- Fabbro D, Di Loreto C, Beltrami CA, Belfiore A, Di Lauro R, Damante G: Expression of thyroid-specific transcription factors TTF-1 and PAX-8 in human thyroid neoplasms. Cancer Res. 1994, 54: 4744-4749.PubMedGoogle Scholar
- Pang XP, Hershman JM, Chung M, Pekary AE: Characterization of tumor necrosis factor-alpha receptors in human and rat thyroid cells and regulation of the receptors by thyrotropin. Endocrinology. 1989, 125: 1783-1788.View ArticlePubMedGoogle Scholar
- Puppin C, Presta I, D'Elia AV, Tell G, Arturi F, Russo D, Filetti S, Damante G: Functional interaction among thyroid-specific transcription factors: Pax8 regulates the activity of Hex promoter. Mol Cell Endocrinol. 2004, 214: 117-125. 10.1016/j.mce.2003.10.061.View ArticlePubMedGoogle Scholar
- Arturi F, Lacroix L, Presta I, Scarpelli D, Caillou B, Schlumberger M, Russo D, Bidart JM, Filetti S: Regulation by human Chorionic Gonadotropin of Sodium/Iodide symporter gene expression in the JAr human choriocarcinoma cell lines. Endocrinology. 2002, 143: 2216-2220. 10.1210/en.143.6.2216.View ArticlePubMedGoogle Scholar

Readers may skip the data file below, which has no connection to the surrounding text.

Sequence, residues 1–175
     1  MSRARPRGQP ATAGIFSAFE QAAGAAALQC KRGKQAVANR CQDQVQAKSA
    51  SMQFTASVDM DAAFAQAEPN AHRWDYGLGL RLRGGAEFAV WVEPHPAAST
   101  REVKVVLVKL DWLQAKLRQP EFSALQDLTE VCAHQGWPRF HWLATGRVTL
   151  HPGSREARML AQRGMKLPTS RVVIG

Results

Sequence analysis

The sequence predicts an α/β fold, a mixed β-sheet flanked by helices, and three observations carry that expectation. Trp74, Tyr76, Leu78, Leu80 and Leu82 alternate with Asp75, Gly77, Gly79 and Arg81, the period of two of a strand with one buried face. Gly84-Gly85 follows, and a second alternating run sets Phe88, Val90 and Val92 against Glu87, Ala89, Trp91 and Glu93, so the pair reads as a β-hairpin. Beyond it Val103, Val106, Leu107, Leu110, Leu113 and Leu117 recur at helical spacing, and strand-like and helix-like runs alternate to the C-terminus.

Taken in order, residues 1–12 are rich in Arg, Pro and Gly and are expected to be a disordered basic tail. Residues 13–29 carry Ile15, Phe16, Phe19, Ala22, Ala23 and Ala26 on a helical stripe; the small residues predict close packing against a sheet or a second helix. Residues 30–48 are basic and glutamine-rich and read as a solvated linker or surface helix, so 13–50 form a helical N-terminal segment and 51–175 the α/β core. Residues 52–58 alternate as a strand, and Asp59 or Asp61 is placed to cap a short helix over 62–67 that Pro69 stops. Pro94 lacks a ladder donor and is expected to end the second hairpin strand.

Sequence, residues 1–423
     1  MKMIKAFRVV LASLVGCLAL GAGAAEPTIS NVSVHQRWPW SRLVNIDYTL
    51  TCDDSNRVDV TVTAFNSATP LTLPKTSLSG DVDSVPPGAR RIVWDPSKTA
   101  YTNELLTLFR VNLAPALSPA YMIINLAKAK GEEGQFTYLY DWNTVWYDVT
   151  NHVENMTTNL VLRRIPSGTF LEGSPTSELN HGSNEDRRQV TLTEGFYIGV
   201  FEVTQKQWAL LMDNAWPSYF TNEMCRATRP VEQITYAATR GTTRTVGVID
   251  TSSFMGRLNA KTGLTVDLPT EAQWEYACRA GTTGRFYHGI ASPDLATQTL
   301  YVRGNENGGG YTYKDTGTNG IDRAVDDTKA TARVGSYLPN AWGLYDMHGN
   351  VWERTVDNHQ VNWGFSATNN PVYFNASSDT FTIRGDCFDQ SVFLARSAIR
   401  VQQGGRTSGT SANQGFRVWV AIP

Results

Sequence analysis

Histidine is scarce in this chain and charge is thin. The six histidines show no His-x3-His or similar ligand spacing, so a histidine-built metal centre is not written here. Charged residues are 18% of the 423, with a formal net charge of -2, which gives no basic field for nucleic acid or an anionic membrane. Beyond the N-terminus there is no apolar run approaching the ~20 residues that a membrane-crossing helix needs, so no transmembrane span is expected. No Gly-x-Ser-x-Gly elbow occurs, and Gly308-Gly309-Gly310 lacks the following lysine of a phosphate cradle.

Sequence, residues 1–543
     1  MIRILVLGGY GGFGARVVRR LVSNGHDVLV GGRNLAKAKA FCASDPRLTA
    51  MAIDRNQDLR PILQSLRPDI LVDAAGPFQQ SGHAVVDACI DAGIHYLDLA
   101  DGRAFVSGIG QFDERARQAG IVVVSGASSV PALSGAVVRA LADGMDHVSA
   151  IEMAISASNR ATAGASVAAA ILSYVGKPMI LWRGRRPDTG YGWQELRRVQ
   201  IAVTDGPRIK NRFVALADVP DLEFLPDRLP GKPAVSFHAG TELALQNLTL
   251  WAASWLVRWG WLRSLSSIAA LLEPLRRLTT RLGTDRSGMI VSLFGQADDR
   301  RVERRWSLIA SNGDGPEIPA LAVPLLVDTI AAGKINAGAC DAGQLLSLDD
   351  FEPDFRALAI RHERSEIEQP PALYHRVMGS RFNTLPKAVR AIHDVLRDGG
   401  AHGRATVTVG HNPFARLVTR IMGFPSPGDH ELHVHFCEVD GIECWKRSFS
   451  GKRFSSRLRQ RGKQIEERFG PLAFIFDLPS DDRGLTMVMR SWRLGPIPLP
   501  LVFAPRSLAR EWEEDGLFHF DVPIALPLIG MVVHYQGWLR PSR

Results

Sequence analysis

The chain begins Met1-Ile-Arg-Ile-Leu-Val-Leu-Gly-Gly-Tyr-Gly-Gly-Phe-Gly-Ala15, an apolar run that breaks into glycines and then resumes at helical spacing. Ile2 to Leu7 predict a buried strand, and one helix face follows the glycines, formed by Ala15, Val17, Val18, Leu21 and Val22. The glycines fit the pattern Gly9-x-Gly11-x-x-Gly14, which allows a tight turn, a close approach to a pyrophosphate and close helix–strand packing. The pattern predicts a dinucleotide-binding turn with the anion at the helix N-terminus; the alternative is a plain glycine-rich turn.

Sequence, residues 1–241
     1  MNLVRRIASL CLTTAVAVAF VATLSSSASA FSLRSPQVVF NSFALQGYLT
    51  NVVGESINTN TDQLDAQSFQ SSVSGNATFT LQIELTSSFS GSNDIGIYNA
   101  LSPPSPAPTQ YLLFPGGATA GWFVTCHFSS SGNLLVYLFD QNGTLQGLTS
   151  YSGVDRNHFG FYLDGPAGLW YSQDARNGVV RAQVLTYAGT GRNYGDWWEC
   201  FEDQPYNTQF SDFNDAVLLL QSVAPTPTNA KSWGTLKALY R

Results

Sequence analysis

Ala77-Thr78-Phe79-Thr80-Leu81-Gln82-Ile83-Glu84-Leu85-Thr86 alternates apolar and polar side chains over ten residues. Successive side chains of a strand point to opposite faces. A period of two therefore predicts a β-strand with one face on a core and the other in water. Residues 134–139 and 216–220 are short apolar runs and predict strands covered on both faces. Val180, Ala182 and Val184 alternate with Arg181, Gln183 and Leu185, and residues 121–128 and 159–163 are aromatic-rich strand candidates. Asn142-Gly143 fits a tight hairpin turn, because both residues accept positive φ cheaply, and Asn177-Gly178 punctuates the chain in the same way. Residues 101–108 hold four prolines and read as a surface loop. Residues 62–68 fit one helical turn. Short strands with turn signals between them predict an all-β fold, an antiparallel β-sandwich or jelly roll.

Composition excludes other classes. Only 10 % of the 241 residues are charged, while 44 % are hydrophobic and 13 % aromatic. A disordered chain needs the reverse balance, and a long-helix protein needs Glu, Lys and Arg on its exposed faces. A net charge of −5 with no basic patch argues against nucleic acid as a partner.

- Arturi F, Russo D, Bidart JM, Scarpelli D, Schlumberger M, Filetti S: Expression pattern of the pendrin and sodium/iodide symporter (NIS) gene in human thyroid carcinoma cell lines and human thyroid tumors. Eur J Endocrinol. 2001, 145: 129-135. 10.1530/eje.0.1450129.View ArticlePubMedGoogle Scholar
- Russo D, Bulotta S, Bruno R, Arturi F, Giannasio P, Derwahl M, Bidart JM, Schlumberger M, Filetti S: Sodium/iodide symporter (NIS) and pendrin are expressed differently in hot and cold nodules of thyroid toxic multinodular goiter. Eur J Endocrinol. 2001, 145: 591-597. 10.1530/eje.0.1450591.View ArticlePubMedGoogle Scholar